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Monday, January 2, 2017

Can The Niners Send a Signal That Things Will Be Different?

Gary Reyes/Bay Area News Group
In economics, signaling refers to the concept that one party credibly conveys some information about itself to another party. It is a method of overcoming the problem of asymmetric information, which is where one party has information the other party does not. For example, potential employees can send a signal about their ability level to various employers by acquiring the appropriate education credentials (e.g., BS, MBA, PhD). Employers can also send signals about the desirability of a place to work. This becomes especially important when they are competing with other firms for high end talent (e.g., high tech firms competing with one another for top engineers and computer scientists).

The San Francisco 49ers have a signaling problem. Two years ago, after Niner CEO Jed York fired head coach Jim Harbaugh and kept GM Trent Baalke the 49ers inadvertently signaled to the rest of the league that San Francisco was no longer desirable place to work or play, as evidenced by the mass exodus of players who left for other teams or decided to retire. And therein lies the Niners problem going forward as they seek to hire a new GM and a new head coach. Who will want to work for the Niners when there are other teams that are more desirable and far less dysfunctional? As columnist Ray Ratto puts it ("York Has His Work Cut Out For Him in Replacing Kelly, Baalke"):
You see, while most folks will be focusing on the identities of the next GM and coach (or coach and GM, if Jed decides to work backwards), the atmosphere is what needs the biggest workover. There is no compelling reason for excitement around either of these vacancies, no more than for the Chargers’ coaching job (Mike McCoy got canned after losing to the Chiefs), the Rams’ coaching job (Jeff Fisher was canned nine days after being extended), the Jaguars’ coaching job (Gus Bradley got it on a plane ride home), the Bills’ coaching job (Rex Ryan cleared space for Anthony Lynn to lose his first game), the Broncos’ coaching job (Gary Kubiak announced he is stepping down), or possibilities in Arizona, Cincinnati, Indianapolis and New Orleans. And yes, it figures that the 49ers would be looking for a new coach when the market is replete with more stable offerings. 
Jed is good at several things – making a stadium turn into an ATM machine, avoiding the public, firing people and paying coaches not to work for him. Other than the money thing, none of these are useful social skills or confidence-builders. 
And that is what he needs most right now – a way to indicate not just to unhappy fans but to the hiring pool that he actually does have a grasp on this football business, even if his grasp is to let go of it and hand it to someone who can repair what he has wrought. The “it’s one of 32 jobs so anyone would be desperate to have it” logic doesn’t work when the brand has been so comprehensively devalued.
In short, the Niners need to send a signal that San Francisco will once again be a desirable destination in the NFL. Doing so won't be easy. In fact, the way York handled the dismissals of Baalke and Kelly (i.e., leaks to the media, not telling Kelly personally, etc.) wasn't a good start. As Tim Kawakami noted last night and this morning:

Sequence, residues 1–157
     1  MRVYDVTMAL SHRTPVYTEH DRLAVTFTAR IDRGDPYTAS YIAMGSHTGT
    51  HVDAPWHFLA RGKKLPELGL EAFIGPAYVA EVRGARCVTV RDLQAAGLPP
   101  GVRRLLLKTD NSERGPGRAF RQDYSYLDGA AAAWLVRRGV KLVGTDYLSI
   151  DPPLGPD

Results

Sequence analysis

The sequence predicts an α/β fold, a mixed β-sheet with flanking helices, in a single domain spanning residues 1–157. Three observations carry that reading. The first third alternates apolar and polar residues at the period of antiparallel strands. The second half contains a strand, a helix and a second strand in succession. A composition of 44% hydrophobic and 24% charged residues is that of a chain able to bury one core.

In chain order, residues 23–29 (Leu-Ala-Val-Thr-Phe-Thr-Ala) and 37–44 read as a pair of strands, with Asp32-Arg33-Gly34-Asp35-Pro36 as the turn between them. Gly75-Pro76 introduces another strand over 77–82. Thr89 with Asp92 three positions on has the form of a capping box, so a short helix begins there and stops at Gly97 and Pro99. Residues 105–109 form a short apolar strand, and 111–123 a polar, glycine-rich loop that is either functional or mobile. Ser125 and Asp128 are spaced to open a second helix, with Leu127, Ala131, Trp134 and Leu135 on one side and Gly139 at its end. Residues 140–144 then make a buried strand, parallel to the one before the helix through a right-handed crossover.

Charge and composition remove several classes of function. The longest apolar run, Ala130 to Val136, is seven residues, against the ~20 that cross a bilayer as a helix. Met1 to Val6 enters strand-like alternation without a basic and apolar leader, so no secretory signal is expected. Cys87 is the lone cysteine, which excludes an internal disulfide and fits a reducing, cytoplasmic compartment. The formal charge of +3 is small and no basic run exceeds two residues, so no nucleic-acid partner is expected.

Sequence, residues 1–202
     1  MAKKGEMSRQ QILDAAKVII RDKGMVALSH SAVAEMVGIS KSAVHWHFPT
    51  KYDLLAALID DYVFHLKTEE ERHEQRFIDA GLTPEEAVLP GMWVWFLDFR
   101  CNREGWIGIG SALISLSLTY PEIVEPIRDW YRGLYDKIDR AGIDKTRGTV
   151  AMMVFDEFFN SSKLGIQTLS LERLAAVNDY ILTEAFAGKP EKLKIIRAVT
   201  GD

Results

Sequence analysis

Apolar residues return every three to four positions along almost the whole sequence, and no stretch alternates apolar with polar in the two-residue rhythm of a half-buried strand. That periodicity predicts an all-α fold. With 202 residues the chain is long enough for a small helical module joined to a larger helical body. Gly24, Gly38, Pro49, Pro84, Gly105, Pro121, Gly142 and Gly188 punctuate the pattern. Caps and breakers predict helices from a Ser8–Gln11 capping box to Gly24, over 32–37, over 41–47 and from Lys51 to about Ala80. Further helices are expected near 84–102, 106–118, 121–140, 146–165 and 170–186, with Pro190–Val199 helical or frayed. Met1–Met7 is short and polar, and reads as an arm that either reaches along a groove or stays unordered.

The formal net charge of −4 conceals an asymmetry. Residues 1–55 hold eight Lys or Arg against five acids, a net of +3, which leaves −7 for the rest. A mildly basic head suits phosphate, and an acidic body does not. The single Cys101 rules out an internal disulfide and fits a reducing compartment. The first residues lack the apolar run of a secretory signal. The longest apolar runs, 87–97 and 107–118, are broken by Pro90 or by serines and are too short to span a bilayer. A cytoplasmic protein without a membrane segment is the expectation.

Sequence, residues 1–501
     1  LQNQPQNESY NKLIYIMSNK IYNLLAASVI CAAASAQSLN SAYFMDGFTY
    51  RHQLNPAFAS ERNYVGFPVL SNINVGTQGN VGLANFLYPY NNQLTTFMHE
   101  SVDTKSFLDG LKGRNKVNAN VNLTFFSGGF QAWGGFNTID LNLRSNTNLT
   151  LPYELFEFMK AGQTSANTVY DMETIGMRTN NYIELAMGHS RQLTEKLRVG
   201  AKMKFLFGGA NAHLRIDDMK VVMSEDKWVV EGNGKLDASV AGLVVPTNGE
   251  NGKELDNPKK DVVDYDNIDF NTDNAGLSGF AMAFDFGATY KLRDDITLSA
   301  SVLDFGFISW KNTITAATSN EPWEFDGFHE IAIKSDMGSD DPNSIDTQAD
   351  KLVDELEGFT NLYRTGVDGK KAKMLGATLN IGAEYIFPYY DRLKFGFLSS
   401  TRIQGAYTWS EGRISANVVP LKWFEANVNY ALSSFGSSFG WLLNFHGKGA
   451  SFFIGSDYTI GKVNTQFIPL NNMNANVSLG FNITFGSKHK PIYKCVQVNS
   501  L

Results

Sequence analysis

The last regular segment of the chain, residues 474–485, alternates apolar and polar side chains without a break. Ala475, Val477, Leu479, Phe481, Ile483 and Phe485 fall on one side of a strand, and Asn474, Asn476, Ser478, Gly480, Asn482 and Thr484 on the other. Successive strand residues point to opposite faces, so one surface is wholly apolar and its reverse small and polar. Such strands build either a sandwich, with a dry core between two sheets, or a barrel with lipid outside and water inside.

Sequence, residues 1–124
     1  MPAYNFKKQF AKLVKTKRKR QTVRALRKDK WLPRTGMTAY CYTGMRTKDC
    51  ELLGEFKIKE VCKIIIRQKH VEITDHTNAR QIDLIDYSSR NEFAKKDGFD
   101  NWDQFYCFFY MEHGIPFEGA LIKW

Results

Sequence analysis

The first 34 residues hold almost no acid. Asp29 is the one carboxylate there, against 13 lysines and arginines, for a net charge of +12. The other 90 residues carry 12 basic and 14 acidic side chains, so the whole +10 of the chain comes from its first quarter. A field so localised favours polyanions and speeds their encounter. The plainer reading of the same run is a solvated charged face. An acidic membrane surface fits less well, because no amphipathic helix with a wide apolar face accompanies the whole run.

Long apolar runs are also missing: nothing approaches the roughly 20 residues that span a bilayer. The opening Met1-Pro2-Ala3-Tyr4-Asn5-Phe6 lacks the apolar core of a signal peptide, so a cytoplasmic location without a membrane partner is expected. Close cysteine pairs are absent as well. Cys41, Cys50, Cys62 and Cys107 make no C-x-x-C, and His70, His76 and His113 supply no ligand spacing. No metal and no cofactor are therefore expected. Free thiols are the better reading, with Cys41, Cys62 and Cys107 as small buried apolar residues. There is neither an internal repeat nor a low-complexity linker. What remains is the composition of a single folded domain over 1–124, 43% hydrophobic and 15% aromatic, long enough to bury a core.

But once again, the Yorks muffed the delivery by leaking the firings on Saturday night without first telling Kelly, then declining to formally give him word until after Sunday’s loss to Seattle at Levi’s, which gave the 49ers a 2-14 final record. How can the Yorks make all the necessary, wholesale changes to this stultified franchise if they continue to try to play these heavy-handed public-relation games? How is this team going to be any different if their owners continue to act like children? ("A Bungled Start to the 49ers’ New Era")
As we all get ready for Jed York’s 10 a.m. third annual I-fired-somebody-we’ll-get-it-right-this-time presser today, it’s time to note that the 49ers might actually get it right in 2017, but their owner’s actions so far are not quite signaling that. Basically: Some good general manager and coaching candidates are going to look at Jed’s petty behavior in the run-up to the firings of Trent Baalke and Chip Kelly and his self-serving comments afterwards and think: You know, he’s just going to blame me for his mistakes eventually. ("Jed York... continues to behave like somebody who thinks he has it all figured out, but really, really doesn’t")
The Niners remind me of the Golden State Warriors when Chris Cohan owned the team. The franchise made a lot of money during his tenure, but the Warriors only had two winning seasons in the 15 that Cohan owned the team. And Sports Illustrated ranked him as the league's fourth worst owner. I'm sure that if Sports Illustrated decides to rank football owners, Jed would end up toward the bottom (Note: Yahoo Sports Columnist Frank Schwab believes the Niners' vacancy is the least attractive of those available).

The only cure for the Warriors was Cohan selling the team, but (unfortunately) the chance that the Yorks will sell the Niners is close to nil, so Niner fans can only hope that Jed will one day realize that, like his uncle, Eddie Debartolo, he doesn't know a whole lot about football and will hand over the reigns of running the club to a GM who does. I have little confidence that such a day is nigh, however. Hopefully, I am wrong.

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